Male humpback whales sing while migrating to and from their breeding grounds, and when they are at the grounds themselves1,2,3. Song is thought to be a form of sexual display, but it is not known whether its main purpose is to repel other males or to attract females2,4. All males in a population produce the same song, which changes through time2,3,5, and all singers maintain the changes, implying that there is a cultural transmission and evolution as in some bird songs6. Songs across an ocean basin are broadly similar — differences increase with distance — but populations in different oceans separated by continents have apparently unrelated songs3,7.

In the austral winter and spring, humpback whales are found along the east coast of Australia3,8, calving and mating in the waters of the Great Barrier Reef. Using hydrophones suspended from radio-linked buoys and small boats, we recorded humpback whale songs off southeast Queensland during northward and southward migrations between 1995 and 1998, from which 1,057 hours of song were analysed. In 1995 and 1996, the song pattern changed slightly in an evolutionary fashion. But two singers out of 82 were singing a new, completely different song (Fig. 1). In 1997, the new song became more common. Most of the 112 singers produced either the old or the new song, but three used an intermediate song containing themes from both types. By the end of the 1997 southward migration, almost all males had switched songs, and in 1998 only the new song was heard.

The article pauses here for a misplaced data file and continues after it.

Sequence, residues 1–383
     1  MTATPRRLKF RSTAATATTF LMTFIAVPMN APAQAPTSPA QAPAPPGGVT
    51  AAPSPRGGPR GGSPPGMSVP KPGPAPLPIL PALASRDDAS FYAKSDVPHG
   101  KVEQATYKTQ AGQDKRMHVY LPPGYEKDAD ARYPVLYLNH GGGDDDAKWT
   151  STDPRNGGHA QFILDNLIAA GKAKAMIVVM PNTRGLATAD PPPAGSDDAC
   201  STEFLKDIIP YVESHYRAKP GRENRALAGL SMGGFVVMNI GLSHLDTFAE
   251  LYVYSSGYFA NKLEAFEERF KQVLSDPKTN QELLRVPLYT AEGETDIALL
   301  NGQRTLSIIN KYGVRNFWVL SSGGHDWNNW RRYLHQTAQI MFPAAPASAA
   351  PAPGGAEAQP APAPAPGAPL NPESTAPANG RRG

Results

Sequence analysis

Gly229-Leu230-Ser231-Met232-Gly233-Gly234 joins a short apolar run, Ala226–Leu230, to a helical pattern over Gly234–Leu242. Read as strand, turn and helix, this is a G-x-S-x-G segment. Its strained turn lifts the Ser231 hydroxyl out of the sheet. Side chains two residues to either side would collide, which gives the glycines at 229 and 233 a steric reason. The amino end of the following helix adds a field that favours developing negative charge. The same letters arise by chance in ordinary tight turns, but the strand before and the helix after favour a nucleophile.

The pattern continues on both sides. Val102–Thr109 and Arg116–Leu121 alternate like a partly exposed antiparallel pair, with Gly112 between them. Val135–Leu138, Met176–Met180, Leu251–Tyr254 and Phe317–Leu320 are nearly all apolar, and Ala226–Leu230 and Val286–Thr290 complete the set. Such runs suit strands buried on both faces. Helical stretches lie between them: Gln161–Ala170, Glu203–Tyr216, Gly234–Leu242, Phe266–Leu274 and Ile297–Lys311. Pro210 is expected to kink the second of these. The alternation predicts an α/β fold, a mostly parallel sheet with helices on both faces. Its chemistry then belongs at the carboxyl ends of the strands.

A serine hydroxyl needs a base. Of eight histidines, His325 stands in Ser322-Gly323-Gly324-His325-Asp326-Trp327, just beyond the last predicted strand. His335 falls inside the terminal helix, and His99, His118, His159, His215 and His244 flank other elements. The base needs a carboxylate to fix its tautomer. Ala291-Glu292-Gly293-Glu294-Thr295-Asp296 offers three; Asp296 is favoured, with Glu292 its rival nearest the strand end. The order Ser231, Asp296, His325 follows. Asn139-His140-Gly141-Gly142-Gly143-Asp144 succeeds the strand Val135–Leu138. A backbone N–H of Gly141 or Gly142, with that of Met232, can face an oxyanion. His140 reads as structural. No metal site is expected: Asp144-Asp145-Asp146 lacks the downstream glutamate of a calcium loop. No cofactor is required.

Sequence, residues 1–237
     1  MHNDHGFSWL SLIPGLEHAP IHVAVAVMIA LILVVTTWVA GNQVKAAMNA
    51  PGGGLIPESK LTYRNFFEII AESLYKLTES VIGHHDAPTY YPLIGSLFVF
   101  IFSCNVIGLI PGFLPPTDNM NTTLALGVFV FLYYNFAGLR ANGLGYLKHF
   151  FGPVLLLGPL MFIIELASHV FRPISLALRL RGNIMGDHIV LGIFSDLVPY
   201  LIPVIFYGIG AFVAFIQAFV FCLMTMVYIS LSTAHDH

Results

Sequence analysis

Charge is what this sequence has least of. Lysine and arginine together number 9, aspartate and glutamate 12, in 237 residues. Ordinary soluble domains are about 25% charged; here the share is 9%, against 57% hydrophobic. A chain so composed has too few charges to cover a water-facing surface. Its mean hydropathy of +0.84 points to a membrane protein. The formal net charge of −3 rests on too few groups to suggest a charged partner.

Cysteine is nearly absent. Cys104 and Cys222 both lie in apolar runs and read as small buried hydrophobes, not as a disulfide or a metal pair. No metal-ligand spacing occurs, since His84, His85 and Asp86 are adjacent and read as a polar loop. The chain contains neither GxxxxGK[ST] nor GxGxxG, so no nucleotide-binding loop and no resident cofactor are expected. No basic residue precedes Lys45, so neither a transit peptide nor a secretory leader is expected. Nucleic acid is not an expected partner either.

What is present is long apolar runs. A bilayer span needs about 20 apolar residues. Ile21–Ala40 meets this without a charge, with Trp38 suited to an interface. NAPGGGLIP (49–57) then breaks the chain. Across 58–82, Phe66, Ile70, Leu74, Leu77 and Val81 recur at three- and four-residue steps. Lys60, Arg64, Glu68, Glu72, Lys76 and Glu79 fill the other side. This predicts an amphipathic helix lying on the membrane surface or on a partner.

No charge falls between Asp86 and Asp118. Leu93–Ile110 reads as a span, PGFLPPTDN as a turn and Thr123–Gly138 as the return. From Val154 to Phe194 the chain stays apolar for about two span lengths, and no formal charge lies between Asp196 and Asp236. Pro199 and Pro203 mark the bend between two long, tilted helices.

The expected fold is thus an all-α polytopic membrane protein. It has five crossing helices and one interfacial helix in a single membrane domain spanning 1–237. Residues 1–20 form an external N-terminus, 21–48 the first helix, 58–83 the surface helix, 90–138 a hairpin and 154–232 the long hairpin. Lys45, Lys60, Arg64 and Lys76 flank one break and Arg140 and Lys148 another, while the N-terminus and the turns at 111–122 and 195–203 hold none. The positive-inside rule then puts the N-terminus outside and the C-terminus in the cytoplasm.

Figure 1: Relative prevalence of different song types in male humpback whales migrating along the east coast of Australia in 1995–98.
figure 1

S, southward; N, northward. The table shows the number of males singing each song type during each migration; the graph shows the relative prevalence of each song type. Most changes in the song patterns occur during the breeding season, when song is being used, and not during the rest of the year when the whales are feeding in high-latitude waters. Over 1,000 hours of song were analysed aurally and spectrographically to determine the song pattern for 252 song bouts.

The new song was nearly identical to the song of humpback whales migrating along the west coast of Australia in 1996. West and east coast songs are usually very different3 and there is only a small amount of interchange between these populations8,9. The very low incidence of the new song in 1996 and the fact that the songs of the two populations evolved independently after 1996 is consistent with the new song being introduced by movement of a small number of singers between populations in 1996.

Humpback whale song shows similarities to song in some birds, particularly the Panamanian yellow-rumped cacique (Cacicus cela vitellinus)10 and village indigo bird (Vidua chalybeata)11, in which song repertoires are colony-specific and all individuals have similar repertoires which change with time. But there are no examples of radical song replacement initiated by a small number of immigrant individuals in these or any other species of songbird.

The process of change in humpback whale song and bird song has been classified as 'cultural evolution', whereby changes in songs are passed among individuals by learning and accumulate over time6. The changes we describe in the song of the humpback whales off the east coast of Australia were cultural in that they were due to the learning of a vocal behavioural pattern and not to a mass influx of immigrants. But the rapid and complete replacement of a complex song over a period of less than two years is revolutionary rather than evolutionary, and suggests that novelty drives changes in humpback whale song. To our knowledge, such 'cultural revolution' is unknown in the vocal cultural tradition of any other animal.